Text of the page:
When the Bell did not toll for tea…

OK, lots and lots have been written on the Ian Bell non-dismissal, and I guess I just have to weigh in. Among my most loyal readers I can probably count 2 or 3 avid cricket fans and the rest being mostly agnostic to that part of the world. So here’s a warning for you, in case the latter part of the previous sentence describes you – you can safely avoid reading further.

As for those who made it to this paragraph, in case you haven’t been following, this is what happened. So was he right or wrong?

My initial reaction was simply this – Bell was out and should have stayed out. If someone is stupid enough to give you a wicket, take it. Don’t ask questions. Yes, I’ve played all my cricket, whether tennis ball, rubber ball or the one season with leather balls that way. As for concepts like ‘spirit of cricket’ etc, which fall straight into the realms of tricky concepts like moral relativism, I believe in playing by the law book and playing fair. So no, I wouldn’t feign a misfield to induce an extra run for a runout. I wouldn’t stand in the way of a running batsman to get a runout. And, going by precedents, I wouldn’t bowl a last ball no-ball to deny someone on 99 a century. (And no, bowling wide to get a stumping when the batsman is advancing is not against any spirit. The batsman was just stupid enough to let me know he was advancing.)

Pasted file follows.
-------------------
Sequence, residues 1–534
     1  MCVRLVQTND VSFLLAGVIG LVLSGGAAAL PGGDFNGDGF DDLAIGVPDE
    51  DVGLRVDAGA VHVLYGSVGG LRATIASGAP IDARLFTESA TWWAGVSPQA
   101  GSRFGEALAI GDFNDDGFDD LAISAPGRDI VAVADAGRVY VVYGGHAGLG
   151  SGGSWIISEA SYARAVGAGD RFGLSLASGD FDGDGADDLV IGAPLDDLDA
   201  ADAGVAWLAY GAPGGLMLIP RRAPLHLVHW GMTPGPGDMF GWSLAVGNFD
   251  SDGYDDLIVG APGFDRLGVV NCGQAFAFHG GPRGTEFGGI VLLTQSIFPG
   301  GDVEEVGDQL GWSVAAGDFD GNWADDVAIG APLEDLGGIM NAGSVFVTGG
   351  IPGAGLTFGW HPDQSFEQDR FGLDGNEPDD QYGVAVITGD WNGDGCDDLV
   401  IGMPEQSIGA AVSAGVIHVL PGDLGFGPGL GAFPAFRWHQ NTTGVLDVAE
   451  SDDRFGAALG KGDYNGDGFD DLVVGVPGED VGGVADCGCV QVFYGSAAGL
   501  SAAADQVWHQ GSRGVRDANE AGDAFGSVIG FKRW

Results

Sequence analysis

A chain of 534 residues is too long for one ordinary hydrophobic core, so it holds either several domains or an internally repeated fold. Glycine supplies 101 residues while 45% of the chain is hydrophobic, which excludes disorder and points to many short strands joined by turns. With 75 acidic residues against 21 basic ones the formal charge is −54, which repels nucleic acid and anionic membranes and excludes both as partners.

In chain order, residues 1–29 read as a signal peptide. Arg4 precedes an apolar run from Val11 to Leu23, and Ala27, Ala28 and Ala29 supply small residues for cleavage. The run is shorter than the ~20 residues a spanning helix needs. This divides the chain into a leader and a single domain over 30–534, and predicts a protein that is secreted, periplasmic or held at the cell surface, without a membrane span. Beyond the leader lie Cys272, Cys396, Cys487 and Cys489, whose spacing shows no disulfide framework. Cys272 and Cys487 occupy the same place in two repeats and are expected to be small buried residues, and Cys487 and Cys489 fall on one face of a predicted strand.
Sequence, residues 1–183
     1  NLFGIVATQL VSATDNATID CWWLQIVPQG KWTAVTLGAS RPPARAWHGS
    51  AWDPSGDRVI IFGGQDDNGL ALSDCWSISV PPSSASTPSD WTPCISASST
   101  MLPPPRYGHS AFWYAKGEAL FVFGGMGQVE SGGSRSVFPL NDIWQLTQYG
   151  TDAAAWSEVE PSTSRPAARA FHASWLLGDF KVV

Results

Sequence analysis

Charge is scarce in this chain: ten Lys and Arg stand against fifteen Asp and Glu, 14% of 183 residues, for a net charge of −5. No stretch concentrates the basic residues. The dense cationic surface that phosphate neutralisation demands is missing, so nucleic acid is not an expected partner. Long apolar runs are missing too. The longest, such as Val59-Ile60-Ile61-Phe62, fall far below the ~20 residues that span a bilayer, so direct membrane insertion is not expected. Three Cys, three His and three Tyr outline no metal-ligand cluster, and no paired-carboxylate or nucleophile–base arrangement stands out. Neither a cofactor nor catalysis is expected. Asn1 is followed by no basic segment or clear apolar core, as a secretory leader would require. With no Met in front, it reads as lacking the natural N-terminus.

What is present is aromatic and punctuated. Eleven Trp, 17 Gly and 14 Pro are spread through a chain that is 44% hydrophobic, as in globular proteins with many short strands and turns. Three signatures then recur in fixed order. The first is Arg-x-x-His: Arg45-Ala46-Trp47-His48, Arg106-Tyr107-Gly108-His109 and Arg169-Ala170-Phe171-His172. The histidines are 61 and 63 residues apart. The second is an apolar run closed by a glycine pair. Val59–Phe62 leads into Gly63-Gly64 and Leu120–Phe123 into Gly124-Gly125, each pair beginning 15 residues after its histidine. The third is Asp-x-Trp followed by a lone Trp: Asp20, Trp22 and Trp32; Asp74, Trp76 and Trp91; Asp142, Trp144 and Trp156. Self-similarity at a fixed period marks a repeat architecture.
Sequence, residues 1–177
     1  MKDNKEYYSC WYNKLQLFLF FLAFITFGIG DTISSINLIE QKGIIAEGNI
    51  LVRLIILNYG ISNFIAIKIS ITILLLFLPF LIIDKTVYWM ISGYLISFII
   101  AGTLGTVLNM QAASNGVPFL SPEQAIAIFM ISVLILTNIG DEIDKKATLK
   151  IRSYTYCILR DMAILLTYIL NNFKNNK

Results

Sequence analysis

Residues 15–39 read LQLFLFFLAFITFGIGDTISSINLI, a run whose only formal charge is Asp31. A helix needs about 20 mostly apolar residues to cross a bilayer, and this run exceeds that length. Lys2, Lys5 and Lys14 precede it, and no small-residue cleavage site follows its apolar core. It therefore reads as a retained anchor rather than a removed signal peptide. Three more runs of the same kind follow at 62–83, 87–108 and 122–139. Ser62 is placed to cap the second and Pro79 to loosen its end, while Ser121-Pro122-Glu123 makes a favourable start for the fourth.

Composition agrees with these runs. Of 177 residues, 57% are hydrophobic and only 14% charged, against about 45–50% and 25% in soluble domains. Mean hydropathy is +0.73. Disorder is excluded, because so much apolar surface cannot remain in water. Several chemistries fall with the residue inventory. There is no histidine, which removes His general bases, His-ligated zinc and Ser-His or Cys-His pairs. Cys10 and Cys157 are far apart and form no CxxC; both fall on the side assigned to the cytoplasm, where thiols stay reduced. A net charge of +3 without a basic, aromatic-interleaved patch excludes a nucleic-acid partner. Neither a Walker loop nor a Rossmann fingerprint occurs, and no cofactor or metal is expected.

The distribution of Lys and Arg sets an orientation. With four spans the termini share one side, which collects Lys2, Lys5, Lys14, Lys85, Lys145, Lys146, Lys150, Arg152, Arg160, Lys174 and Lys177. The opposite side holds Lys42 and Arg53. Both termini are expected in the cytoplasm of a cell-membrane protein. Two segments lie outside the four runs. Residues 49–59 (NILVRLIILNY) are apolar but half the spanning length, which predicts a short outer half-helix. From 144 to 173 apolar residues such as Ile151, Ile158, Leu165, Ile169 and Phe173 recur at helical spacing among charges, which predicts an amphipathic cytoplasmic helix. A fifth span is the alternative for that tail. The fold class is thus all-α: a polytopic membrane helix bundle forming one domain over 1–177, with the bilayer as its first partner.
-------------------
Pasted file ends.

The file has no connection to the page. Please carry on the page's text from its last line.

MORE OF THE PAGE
If there is a ball to be bowled, bowl it fair and proper. If there’s a ball to be played, play it fair and proper, and when fielding field as if it’s the first ball of the match, no matter what the situation. As simple as that.

So coming back to the Bell dismissal, there were many things that were totally wrong about it.